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Classification System: APG IV

Superregnum: Eukaryota
Regnum: Plantae
Cladus: Angiosperms
Cladus: Eudicots
Cladus: Core eudicots
Cladus: Rosids
Cladus: Eurosids I
Ordo: Fabales

Familia: Fabaceae
Subfamilia: Caesalpinioideae
Tribus: Acacieae
Genus: Acacia
Species: Acacia hadrophylla
Name

Acacia hadrophylla R.S.Cowan & Maslin, 1995
Synonyms

Racosperma hadrophyllum (R.S.Cowan & Maslin) Pedley

Distribution
Native distribution areas:
Acacia hadrophylla

Continental: Australasia
Regional: Australia
Western Australia

References: Brummitt, R.K. 2001. TDWG – World Geographical Scheme for Recording Plant Distributions, 2nd Edition
References
Primary references

Cowan, R.S. & Maslin, B.R., 1995. Nuytsia; Bulletin of the Western Australian Herbarium 10(2): 214.

Links

Govaerts, R. et al. 2020. Acacia hadrophylla in Kew Science Plants of the World online. The Board of Trustees of the Royal Botanic Gardens, Kew. Published online. Accessed: 2020 Aug 03. Reference page.
International Plant Names Index. 2019. Acacia hadrophylla. Published online. Accessed: Aug 03 2019.
Tropicos.org 2019. Acacia hadrophylla. Missouri Botanical Garden. Published online. Accessed: 03 Aug 2019.
Hassler, M. Aug. Acacia hadrophylla. World Plants: Synonymic Checklists of the Vascular Plants of the World In: Roskovh, Y., Abucay, L., Orrell, T., Nicolson, D., Bailly, N., Kirk, P., Bourgoin, T., DeWalt, R.E., Decock, W., De Wever, A., Nieukerken, E. van, Zarucchi, J. & Penev, L., eds. Aug. Species 2000 & ITIS Catalogue of Life. Published online. Accessed: Aug 03 {{{3}}}. Reference page.

Vernacular names

Acacia hadrophylla is a shrub of the genus Acacia and the subgenus Plurinerves that is endemic to south western Australia.

Description

The dense spreading shrub typically grows to a height of 0.3 to 0.5 metres (1 to 2 ft)[1] with a dense domed to obconic habit. The has hairy branchlets and, like most species of Acacia has phyllodes rather than true leaves. The thick, rigid and evergreen phyllodes have an oblong-elliptic shape and are slightly incurved. They are generally 0.7 to 2.5 cm (0.28 to 0.98 in) in length and 2.5 to 5.5 mm (0.098 to 0.217 in) and have four to seven prominent distant yellowish coloured nerves.[2] It blooms from June to September and produces yellow flowers.[1] The simple inflorescences occur in pairs in the axils and have spherical flower-heads that have a diameter of 3 to 3.5 mm (0.12 to 0.14 in) and contain 14 to 25 golden coloured flowers. Following flowering linear shaped seed pods form that have a length of 1.2 to 2.2 cm (0.47 to 0.87 in) in length and 2 mm (0.079 in) wide and contain brown-black oblong-elliptic shaped seeds that are 2.5 to 3 mm (0.098 to 0.118 in) in length.[2]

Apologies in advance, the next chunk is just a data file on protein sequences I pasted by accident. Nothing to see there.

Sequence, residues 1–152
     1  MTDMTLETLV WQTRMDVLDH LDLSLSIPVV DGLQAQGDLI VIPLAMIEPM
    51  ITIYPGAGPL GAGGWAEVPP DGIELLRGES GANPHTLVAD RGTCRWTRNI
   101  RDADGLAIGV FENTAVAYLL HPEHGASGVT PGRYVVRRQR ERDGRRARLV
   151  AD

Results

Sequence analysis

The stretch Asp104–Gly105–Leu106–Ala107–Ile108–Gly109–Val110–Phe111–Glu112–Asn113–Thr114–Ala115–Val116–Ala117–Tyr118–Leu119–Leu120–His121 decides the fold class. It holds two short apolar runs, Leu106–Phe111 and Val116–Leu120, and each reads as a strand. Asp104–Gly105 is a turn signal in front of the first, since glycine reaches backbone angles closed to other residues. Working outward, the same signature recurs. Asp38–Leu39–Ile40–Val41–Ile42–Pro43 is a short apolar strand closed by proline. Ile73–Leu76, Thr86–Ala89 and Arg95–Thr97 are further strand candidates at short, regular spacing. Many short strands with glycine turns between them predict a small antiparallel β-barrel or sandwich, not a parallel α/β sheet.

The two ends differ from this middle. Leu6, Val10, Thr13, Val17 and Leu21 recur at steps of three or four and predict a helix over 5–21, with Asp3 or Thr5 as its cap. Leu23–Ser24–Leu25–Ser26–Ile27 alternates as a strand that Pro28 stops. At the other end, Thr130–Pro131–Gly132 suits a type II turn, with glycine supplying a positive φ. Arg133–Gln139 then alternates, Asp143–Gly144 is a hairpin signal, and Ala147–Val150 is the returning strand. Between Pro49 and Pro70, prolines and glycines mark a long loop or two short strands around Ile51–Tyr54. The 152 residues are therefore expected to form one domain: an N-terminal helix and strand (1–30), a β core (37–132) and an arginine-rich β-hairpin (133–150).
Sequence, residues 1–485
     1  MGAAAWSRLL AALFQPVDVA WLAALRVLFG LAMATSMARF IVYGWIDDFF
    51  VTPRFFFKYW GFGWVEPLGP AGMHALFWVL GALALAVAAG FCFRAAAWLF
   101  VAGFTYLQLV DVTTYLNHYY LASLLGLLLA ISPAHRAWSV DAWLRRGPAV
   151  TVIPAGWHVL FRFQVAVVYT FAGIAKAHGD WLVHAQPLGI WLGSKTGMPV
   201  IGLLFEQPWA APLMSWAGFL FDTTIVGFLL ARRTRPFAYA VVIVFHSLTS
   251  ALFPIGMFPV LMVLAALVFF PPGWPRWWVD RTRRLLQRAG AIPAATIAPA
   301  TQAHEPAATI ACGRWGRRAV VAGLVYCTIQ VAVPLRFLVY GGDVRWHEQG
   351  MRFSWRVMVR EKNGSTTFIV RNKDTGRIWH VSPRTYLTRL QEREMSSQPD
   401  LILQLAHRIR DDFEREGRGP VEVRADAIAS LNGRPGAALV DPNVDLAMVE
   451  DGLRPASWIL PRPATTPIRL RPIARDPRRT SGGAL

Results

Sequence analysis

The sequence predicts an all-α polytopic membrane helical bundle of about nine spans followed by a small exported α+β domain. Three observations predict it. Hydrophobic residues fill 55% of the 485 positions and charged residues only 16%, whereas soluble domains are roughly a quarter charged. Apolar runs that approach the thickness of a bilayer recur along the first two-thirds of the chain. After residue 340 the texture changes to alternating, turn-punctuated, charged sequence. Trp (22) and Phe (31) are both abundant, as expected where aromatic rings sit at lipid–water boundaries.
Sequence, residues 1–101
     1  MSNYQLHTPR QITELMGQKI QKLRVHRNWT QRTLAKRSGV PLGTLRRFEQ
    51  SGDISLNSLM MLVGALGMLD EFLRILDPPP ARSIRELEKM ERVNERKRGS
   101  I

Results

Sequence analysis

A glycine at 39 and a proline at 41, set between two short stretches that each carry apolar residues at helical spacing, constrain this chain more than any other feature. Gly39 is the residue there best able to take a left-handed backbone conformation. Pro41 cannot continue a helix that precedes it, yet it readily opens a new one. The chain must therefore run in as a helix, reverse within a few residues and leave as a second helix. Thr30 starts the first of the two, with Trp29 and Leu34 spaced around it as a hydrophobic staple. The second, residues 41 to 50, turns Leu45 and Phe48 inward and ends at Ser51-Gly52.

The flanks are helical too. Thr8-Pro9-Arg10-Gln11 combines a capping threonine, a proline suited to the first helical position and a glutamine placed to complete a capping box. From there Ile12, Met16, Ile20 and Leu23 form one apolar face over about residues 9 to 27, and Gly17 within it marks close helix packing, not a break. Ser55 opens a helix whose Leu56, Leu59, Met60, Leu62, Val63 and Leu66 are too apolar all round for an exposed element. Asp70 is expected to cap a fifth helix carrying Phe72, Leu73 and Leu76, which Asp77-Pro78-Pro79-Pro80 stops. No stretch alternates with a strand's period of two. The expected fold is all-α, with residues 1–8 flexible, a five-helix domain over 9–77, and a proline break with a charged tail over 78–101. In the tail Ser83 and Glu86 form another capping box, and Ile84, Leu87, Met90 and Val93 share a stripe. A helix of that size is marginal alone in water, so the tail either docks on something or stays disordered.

Distribution

It is native to an area in the southern Wheatbelt and Goldfields-Esperance regions of Western Australia where it is commonly situated on undulating plains growing in sandy, loamy and clay loam soils.[1] It has a scattered distribution from around Mount Holland and Lake King in the west to around Kumarl and Scaddan in the east where it is often a part of open scrub and shrubland mallee communities.[2]
See also

List of Acacia species

References

"Acacia hadrophylla". FloraBase. Western Australian Government Department of Biodiversity, Conservation and Attractions.
"Acacia hadrophylla R.S.Cowan & Maslin". Wattle - Acacias of Australia. Lucid Central. Retrieved 26 November 2020.

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